Erasmus' doodles, and those of his circle of acquaintances, serve as evocative relics of their textual sociability, registering their peculiar habits of visualization. As remnants of active textual engagement, doodles bring into higher relief the reciprocity of linguistic production and visual conception, the correspondence of scribal techniques and graphic illustration, and the psychically charged vacillation between readership and authorship. The drawings, illustrations, and paintings considered in this essay lie at the intersection of humanist visual and literary culture in the years surrounding the publication of The Praise of Folly and suggest the powerful identification these erudite men felt toward the figure of Folly, as an exemplar of sorts. Read alongside formal portraits Erasmus commissioned to construct an extra-textual public face, the scholar's travestied autographs shadowed and prefigured his self-promotional machinations. As a patron and promoter of portraiture, Erasmus valued art's ability to rewrite the autonomous body as a social intertext, a visual corollary of the emulative circuitry of humanist rhetorical practices. However, as the humorlessness of the Luther-bloc radicalized reformatory rhetoric, iconoclastic and censorial fury - the dark side of doodling - turned against the image of Erasmus in word and image, undercutting hopes for moderate church reform.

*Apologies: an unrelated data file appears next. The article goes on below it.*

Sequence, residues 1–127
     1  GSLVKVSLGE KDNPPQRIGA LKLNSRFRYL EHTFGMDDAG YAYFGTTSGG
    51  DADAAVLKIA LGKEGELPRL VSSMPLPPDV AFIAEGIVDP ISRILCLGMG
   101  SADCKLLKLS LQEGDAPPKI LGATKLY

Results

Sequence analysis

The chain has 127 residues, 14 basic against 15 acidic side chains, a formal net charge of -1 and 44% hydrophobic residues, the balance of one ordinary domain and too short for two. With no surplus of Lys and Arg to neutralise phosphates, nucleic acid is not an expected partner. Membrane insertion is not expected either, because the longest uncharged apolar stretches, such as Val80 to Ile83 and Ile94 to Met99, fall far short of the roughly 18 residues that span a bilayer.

All Science Journal Classification (ASJC) codes
- Language and Linguistics
- Visual Arts and Performing Arts
- Linguistics and Language
- Literature and Literary Theory